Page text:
As I write this, I am listening to Shreya Ghoshal on iTunes/MacBook – WiFi – Airport Express – Denon receiver – Polk speakers. But most digital music is consumed through a portable player. The world’s dominant portable music player is the iPod (and the iPhone). The iPod never really caught on in India. Neither did the iPhone. Too expensive. So most of the market comprises of cellphone mp3 players.

Android is going to be big in India. People who own cellphone mp3 players today will have Android phones within 2 years. Android is the perfect platform to build a digital music player for. And its user base will have size and depth.

I think Bollywood should do a Hulu. Two or three leading studios [labels] should come together with a VC and form a company. The company’s mission should be to build a digital music business in India.

There are many models out there that could be candidates. Download with/without DRM (iTunes, amazon.com), Subscription (Spotify), Streaming and ad supported (Pandora). The technology too is mature. Scores of Indians in the Bay Area have the expertise to build digital media systems.

The key challenge is on the deal-making side of things. The ownership of copyright in India is a little more complicated than in the US. Also, the industry is more fragmented. To get a critical mass of copyright owners on board will take a lot of doing. But hopefully, the opportunity ahead is what will convince them to sign up.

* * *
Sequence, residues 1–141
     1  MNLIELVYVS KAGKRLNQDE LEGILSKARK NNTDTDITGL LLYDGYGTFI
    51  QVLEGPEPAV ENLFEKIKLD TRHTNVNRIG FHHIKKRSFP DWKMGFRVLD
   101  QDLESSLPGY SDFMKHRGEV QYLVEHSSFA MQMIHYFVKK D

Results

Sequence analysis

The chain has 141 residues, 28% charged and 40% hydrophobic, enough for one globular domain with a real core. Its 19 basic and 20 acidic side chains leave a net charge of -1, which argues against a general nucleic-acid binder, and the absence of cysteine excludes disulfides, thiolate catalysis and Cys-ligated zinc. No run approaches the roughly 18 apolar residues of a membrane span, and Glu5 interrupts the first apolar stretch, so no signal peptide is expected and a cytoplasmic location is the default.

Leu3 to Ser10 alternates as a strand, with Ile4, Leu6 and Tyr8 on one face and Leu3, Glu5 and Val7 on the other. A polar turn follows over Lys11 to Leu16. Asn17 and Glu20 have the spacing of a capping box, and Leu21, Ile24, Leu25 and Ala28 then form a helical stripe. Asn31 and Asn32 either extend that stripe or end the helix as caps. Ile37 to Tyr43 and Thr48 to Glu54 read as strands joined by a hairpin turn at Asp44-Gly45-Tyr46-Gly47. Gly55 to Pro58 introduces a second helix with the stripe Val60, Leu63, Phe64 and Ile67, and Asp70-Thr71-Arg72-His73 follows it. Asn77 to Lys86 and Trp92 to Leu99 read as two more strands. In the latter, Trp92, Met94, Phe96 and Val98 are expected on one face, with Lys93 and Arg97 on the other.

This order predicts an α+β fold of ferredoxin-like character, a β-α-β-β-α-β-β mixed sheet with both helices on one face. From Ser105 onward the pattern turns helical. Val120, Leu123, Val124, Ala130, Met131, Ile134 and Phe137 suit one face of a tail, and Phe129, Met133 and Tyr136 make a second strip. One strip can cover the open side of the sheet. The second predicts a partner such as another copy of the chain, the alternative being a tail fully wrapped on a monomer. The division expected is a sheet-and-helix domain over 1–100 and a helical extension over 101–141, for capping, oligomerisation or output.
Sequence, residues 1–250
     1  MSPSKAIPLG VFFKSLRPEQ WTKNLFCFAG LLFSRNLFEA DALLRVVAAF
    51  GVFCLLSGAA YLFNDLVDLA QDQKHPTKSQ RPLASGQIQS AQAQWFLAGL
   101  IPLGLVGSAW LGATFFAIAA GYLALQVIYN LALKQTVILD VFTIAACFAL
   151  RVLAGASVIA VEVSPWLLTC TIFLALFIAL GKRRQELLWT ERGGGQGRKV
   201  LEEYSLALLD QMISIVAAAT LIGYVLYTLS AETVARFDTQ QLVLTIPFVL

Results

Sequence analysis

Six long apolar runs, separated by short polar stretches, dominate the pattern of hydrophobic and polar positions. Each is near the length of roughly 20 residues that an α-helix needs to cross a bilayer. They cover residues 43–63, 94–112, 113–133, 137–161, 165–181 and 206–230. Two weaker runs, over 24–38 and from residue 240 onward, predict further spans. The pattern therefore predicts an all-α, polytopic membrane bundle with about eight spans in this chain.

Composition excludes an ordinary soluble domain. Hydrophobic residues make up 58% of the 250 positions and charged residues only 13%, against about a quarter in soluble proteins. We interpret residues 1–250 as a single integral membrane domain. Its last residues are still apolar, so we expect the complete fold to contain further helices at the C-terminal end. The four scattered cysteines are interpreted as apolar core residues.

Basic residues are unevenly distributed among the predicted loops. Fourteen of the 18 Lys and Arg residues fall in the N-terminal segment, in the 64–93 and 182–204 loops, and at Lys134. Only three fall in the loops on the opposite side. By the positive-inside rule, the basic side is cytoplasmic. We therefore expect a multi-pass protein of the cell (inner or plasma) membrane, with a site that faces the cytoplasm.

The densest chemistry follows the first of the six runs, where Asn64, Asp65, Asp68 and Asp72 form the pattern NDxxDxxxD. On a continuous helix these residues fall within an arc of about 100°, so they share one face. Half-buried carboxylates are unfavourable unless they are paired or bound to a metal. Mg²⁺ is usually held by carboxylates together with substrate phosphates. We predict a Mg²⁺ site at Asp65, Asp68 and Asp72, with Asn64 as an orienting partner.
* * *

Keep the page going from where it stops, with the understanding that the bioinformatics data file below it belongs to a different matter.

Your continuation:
IIM Ahmedabad ranked 11th by FT

The Financial Times has its Global MBA rankings for 2011 out. IIM Ahmedabad is ranked 11th. It was not ranked in previous years. So this is completely out of the blue.

The Economist recently also published their MBA rankings. IIM Ahmedabad was ranked 85th – the only Indian MBA program to be on the list. Which is better than not being on the list, but only just.

So the FT ranking is quite a shot in the arm. I have never had any doubt that my fellow alumni can stand toe to toe with the best. The faculty and research, I know, could improve. But the students are the best anywhere. Yes, they are picky and high maintenance and tend to not fit into every organization. But, at least in part, that is because they are just smarter than the people around them.

OK enough self-serving praise. If IIM A is so hot, how come it didn’t even get a rank till last year?

You have to apply to be ranked, and I don’t know if the institute applied or not. But even so, there are a few things it has ranked high on, which may depend on changes to methodology, and that may have pushed it higher in the rankings.

Take a look at the FT page I have linked to above. It allows some pretty neat analysis on-the-fly.